Today, catastrophic wildfires are increasingly common across the globe. Recent disasters have attracted media attention and strengthened the perception of wildfires as "bad" events, a plague worsened by climate change that has yet to be eradicated. Although it is true that fire has a destructive potential, the reality of global fire activity depicts a much more complex picture in which fire can be a useful, if not necessary, tool for food security and the preservation of cultural landscapes, as well as a an integral element of many ecosystems and their biodiversity. This Occasional Paper is the result of a large collaborative effort by fire scientists and practitioners who believe that learning to co-exist with changing fire activity is not only possible but necessary if we, as a global society, are to adapt to climate change and keep our natural and cultural landscapes healthy, resilient, and safe for the next generations. It stresses the diversity and the complexity of the global fire situation, a situation that is evolving, positively or negatively, in unknown proportions due to global environmental changes — with climate change being the most acknowledged manifestation. Mike Wotton.
Fire Scorching Research Paper
Wildfire Experts' Paper Informs Effective Policy - Headwaters Economics
The distinctive tattoo goes unanswered until Dr. Hutto is ready to leave. Then, at the top of a tree burned to charcoal, a woodpecker with black feathers, a white breast and a yellow slash on its crown hammers a rhythmic response. It also may be an important clue toward resolving a debate about how much, and even whether, to try to prevent large forest fires. Scientists are at loggerheads over whether there is an ecological advantage to thinning forests and using prescribed fire to reduce fuel for subsequent fires — or whether those methods actually diminish ecological processes and biodiversity. The United States Forest Service, which manages nearly million acres of public land, believes limited thinning and burning will prevent catastrophic wildfires. The agency contracts with logging companies to cut down large and small trees across sweeping landscapes, and uses prescribed fire.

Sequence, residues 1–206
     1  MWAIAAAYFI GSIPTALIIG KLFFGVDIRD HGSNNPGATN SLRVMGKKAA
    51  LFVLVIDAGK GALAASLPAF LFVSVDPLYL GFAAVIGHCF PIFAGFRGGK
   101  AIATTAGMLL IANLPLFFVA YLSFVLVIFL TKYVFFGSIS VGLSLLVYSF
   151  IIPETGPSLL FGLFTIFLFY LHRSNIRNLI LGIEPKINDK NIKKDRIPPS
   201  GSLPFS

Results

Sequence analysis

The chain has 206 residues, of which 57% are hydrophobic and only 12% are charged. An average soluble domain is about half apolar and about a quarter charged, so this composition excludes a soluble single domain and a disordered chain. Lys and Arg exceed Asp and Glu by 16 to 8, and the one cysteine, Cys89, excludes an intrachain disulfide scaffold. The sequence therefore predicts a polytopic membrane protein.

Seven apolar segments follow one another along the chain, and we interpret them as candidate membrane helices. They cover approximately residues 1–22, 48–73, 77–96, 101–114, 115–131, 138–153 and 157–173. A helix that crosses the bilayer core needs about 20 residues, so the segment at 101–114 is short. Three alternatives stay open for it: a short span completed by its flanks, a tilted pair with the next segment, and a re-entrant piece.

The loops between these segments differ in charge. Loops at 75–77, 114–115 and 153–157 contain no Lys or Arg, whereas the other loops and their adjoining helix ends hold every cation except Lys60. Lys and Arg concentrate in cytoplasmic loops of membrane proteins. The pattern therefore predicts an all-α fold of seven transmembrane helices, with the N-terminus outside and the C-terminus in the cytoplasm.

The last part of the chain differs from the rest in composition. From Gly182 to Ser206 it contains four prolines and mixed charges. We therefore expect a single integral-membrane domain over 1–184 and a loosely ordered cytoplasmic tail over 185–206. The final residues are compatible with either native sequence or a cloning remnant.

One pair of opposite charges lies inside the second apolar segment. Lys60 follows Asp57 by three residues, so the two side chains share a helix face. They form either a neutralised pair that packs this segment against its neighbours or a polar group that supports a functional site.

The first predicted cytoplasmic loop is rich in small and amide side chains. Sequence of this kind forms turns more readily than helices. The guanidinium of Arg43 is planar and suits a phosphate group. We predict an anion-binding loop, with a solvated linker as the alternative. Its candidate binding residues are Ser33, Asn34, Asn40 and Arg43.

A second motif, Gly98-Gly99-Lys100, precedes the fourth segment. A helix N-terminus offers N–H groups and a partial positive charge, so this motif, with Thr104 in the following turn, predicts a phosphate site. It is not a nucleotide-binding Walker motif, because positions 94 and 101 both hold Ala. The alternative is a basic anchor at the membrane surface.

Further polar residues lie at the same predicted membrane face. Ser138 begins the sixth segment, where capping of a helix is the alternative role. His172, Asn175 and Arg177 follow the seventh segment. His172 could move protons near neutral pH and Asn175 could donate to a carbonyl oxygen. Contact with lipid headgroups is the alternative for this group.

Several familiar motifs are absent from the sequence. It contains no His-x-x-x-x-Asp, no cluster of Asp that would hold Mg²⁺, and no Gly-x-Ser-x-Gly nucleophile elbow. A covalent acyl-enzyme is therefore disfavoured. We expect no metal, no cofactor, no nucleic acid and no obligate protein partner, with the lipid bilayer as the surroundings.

‘All bets are off’: Fire weather trumps forestry, prescribed burning
Weather conditions were so extreme and landscapes so dry during the Black Summer bushfires that normal fire mitigation practices such as forestry management or hazard reduction burns had little impact on the devastation caused. The view from a fire truck walled in by flames south of Nowra during the Black Summer bushfires. The latest paper examining the blazes adds to findings by the NSW independent bushfire inquiry that found fuel loads going into the fire season were no higher than the average during the previous 30 years. The researchers used satellite data to assess the impacts of three regions of NSW and Victoria, covering about 2. Similarly, so-called hazard-reduction burning in remote areas would also have scant impact on limiting the scale of fires during extreme weather.
This is the second of a series of Issue Papers published by the International Association of Wildland Fire board to generate dialogue on key issues facing our profession today. The first topic, shared in the April issue, explored Extreme Fires see responses in associated article. Forecasters continue to predict drying and warming trends across the world where wildfires continue to be a problem. Fire seasons lengthen, fire affected landscape pushes into values at risk, and air quality is compromised. We invite additional responses and hope to engage ideas and insights as part of a broader discussion among the international wildfire community.